"What's in here?" My daughter has pulled down an ornate brass container the size of a plum from our entryway shelf. I look up and see what she has. I'm exhausted and ready for a hot shower and bed. She holds the vessel, looking at me, waiting.
"That, Boo, is your brother. The ashes."
My daughter looks at it. She asks if we can open it.
"No, Hon," I say. "That is not for opening."
She chews her lip. She looks at the photo next to the urn, of Alex, his hand draped across my pinky finger. She asks if it's her brother. I look at the photo and back at her. "Yes," I say, "it is." I tell her to hold onto my pinky. "See how big your hand is? Look how small his hand is. Tiny."
She wraps her warm, sticky hand around my pinky, looks at it, and looks at the photo.
I consider turning away. I can't help it, tears are streaming down my face. I watch her, her strong, sticky little hand, giant, at age five, compared to her brother's. I don't turn away. There are times when it is good for your children to see you cry, that there are things that even parents weep over.
If she sees me crying, she doesn't say it. She gently puts the urn back, and pokes through the dish next to the urn, the small pebbles from the beach, pieces of red abalone shell, the onesie with the blood stain on it. She silently inspects it, making her own small inventory, and climbs down.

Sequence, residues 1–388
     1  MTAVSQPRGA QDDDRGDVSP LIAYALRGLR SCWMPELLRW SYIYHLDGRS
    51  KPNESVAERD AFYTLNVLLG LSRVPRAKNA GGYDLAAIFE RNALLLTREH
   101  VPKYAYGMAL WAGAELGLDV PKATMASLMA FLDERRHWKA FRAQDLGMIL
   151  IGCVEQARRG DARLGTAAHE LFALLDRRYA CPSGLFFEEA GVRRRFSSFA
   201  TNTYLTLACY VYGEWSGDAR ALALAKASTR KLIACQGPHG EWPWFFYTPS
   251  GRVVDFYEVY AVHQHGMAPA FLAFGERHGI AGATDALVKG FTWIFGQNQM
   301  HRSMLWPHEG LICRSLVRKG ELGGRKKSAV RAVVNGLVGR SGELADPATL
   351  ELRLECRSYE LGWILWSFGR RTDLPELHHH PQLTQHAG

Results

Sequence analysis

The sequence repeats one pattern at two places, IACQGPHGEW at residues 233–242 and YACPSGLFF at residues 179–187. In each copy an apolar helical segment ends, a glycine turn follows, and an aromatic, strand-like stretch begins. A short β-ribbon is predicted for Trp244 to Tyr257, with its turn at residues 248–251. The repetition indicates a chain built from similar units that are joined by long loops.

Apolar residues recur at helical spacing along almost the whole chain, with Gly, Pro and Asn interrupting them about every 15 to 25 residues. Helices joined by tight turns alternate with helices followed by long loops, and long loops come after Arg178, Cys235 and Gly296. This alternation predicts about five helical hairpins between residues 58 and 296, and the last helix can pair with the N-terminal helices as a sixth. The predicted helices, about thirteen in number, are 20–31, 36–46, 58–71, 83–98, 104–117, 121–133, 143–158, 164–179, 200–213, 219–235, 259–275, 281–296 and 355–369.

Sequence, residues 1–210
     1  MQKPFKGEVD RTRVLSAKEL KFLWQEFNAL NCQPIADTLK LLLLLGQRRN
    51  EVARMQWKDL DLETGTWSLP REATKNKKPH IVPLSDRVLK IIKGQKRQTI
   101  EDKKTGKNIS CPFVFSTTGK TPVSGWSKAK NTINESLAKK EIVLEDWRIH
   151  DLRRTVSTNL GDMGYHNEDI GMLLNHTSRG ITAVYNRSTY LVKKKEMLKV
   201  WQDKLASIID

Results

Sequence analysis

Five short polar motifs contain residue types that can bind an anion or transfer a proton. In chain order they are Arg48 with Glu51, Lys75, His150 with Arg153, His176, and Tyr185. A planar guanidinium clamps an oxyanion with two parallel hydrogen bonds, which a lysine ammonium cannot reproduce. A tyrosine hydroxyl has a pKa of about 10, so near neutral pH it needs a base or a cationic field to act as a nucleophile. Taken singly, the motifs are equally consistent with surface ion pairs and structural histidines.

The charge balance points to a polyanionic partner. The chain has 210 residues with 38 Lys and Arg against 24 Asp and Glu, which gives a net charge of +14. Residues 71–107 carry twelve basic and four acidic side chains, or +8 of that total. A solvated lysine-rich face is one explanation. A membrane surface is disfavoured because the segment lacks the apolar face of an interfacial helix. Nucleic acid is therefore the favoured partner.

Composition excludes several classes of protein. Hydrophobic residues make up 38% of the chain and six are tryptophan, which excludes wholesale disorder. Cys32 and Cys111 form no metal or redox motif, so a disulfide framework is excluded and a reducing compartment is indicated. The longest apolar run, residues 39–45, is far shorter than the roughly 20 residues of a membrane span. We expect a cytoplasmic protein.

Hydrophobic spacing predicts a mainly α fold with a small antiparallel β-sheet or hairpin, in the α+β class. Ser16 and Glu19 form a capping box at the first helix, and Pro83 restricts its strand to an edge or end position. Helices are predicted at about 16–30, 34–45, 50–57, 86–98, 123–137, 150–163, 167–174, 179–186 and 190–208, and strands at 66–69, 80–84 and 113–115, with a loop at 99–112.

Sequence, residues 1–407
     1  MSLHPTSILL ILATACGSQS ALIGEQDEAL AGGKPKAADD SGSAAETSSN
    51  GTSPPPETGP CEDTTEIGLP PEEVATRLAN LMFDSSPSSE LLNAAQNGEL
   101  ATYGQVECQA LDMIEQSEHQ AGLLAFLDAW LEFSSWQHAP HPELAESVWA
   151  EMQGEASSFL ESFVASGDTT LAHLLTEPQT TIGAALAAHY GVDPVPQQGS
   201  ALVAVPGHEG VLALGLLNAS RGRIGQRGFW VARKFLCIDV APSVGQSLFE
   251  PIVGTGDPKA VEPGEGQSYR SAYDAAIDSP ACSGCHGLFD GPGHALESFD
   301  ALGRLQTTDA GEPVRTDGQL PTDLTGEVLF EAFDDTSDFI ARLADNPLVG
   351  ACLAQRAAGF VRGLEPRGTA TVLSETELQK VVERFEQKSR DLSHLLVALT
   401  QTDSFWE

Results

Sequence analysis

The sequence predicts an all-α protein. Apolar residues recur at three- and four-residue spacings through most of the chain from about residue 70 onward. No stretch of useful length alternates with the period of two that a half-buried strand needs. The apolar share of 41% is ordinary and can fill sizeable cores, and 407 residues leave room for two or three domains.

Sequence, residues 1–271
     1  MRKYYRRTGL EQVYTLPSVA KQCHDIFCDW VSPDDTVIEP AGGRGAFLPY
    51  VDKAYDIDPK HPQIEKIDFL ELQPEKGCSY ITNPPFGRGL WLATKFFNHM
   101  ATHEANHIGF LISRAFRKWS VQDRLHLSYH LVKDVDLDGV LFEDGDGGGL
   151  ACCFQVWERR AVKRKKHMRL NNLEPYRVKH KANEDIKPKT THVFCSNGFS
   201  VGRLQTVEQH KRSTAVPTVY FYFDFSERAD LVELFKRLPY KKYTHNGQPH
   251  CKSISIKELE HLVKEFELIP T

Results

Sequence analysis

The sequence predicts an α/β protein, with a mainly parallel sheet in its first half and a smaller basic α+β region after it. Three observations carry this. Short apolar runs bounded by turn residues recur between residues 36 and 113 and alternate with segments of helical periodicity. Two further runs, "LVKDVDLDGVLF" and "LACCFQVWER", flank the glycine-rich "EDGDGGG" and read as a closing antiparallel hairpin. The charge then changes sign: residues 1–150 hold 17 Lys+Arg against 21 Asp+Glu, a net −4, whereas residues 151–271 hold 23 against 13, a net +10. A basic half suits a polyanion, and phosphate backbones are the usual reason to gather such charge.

We do this, now, the introduction of difficult topics, she circles them like a young lioness sizing up a wounded wildebeest. Her brother. The divorce with her mother. Where her sister's biological parents are. The dead cat in the nearby empty lot. She grazes them, tests the strength of them, tracks them. We let her ask. Each new question reflects an absorption, an understanding, not full comprehension, but an awareness, the pull of the hide under her paw.
With a Perspective, this is Mike Newland.
Mike Newland is an archaeologist at the Anthropological Studies Center at Sonoma State University.